Home - Chermside & District History

About Then and Now: Catching the Changes

Introduction

This section compares and contrasts photographs of present day buildings, places or people with previous photographs of the same subject. It is easy to photograph present subjects but oftentimes difficult to find a photo of a previous one.

If we find a building that is going to be replaced then we attempt to photograph it before it is removed, which sometimes happens overnight. We then photograph the new scene. Many photos of previous buildings or people have been donated to the Society and these are invaluable for our archives.

Sometimes we are able to photograph two separate subjects on different sites such as an old building and a new version of the same type. This technique can be used when showing changes in fashions of clothing, cars, lighting, houses, etc.

Public Toilets in the Parks Respond to Safety Needs


Publicl toilet early post-WWII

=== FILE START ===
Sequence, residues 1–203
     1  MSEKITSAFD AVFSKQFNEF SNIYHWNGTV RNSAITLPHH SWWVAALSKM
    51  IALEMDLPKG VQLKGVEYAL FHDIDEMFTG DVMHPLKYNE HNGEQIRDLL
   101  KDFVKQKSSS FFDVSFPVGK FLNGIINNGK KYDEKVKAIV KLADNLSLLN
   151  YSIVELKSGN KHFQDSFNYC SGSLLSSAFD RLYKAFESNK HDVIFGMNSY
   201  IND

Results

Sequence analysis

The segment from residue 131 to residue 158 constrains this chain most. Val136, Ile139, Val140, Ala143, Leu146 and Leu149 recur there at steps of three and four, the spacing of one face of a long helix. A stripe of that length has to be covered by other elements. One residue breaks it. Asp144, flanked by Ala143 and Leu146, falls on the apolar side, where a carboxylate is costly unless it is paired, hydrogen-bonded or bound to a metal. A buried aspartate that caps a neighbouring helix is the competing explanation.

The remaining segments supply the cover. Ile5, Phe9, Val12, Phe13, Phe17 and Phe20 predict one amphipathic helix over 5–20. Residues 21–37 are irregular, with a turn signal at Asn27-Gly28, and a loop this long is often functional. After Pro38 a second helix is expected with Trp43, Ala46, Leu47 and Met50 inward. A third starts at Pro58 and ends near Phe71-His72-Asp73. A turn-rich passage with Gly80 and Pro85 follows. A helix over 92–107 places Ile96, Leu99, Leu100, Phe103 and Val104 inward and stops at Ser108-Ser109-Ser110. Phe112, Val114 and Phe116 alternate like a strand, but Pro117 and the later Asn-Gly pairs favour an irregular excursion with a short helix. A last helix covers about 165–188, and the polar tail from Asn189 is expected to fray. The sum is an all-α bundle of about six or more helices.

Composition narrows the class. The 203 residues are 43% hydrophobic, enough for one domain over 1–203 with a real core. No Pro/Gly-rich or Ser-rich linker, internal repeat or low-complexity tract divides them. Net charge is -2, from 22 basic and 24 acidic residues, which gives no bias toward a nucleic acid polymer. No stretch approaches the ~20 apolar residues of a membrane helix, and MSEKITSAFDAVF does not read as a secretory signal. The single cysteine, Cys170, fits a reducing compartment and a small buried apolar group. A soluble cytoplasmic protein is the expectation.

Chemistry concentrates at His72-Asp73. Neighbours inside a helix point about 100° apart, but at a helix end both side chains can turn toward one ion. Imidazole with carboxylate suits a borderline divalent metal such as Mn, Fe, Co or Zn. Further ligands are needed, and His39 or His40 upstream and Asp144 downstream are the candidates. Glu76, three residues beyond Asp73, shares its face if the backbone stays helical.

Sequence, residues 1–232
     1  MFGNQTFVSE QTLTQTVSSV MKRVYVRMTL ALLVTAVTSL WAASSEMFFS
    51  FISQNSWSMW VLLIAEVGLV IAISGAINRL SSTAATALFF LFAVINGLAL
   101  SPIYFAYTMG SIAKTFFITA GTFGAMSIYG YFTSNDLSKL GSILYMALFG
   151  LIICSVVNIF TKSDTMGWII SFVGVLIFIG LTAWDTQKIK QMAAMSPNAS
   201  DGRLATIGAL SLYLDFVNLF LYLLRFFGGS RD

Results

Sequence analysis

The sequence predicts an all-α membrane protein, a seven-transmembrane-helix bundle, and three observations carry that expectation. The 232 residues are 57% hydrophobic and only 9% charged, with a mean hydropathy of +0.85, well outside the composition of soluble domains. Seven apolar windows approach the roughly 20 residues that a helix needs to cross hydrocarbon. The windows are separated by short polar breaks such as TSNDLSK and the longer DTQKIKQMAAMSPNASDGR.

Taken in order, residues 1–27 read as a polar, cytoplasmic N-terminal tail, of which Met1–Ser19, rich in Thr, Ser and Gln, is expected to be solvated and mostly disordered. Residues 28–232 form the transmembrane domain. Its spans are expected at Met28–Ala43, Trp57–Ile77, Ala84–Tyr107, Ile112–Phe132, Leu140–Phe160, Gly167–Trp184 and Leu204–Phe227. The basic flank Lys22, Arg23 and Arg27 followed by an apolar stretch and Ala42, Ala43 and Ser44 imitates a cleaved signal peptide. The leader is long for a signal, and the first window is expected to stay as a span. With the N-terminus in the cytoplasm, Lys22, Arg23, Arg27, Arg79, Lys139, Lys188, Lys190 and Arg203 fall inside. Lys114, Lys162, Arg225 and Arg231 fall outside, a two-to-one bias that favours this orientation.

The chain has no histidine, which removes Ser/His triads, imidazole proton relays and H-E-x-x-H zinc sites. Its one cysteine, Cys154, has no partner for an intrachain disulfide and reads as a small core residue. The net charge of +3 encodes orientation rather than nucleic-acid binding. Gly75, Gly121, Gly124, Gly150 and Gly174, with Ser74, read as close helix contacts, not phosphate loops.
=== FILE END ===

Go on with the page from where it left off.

This 1950s toilet was built to last with brick walls and reinforced concrete roof, and it did last, till it was demolished with difficulty, in 2008. The entrances to the water closets were concealed behind a 340mm thick brick wall which had metal screens at the front. The emphasis was on privacy and it also gave molesters a hiding place but at the time that was not of great community concern. The three screen doors in the front middle secured a storage section.

The 1970s


This public toilet was attached to a sporting facility with another toilet at the other end. It was probably built in the 1970s and features a brick screen wall hiding the entrance which was to fulfil the privacy requirements of the time. However it also enabled molesters to hide and wait for victims or to go in after the victim and still be concealed. The bright murals on the building were done by street artists as a deterrent to the graffiti vandals. This is a case where the strategy has been very successful as it has been left more or less untouched for some years.

The 21st Century


This toilet, built in 2008, faces into a small car park alongside a busy road and is an example of the modern open style which does not provide any hiding places for predators. Even the hand washing basin is on the outside and the place is very well ventilated to counter the hot Queensland summers.